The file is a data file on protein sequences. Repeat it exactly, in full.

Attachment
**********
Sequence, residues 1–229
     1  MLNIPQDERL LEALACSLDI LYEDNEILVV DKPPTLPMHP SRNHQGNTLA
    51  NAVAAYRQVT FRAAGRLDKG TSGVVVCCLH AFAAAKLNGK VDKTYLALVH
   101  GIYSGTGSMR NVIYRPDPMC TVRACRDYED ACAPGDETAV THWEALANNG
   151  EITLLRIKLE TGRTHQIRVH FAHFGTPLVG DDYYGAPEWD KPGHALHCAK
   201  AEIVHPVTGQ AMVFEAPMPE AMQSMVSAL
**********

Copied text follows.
Sequence, residues 1–229
     1  MLNIPQDERL LEALACSLDI LYEDNEILVV DKPPTLPMHP SRNHQGNTLA
    51  NAVAAYRQVT FRAAGRLDKG TSGVVVCCLH AFAAAKLNGK VDKTYLALVH
   101  GIYSGTGSMR NVIYRPDPMC TVRACRDYED ACAPGDETAV THWEALANNG
   151  EITLLRIKLE TGRTHQIRVH FAHFGTPLVG DDYYGAPEWD KPGHALHCAK
   201  AEIVHPVTGQ AMVFEAPMPE AMQSMVSAL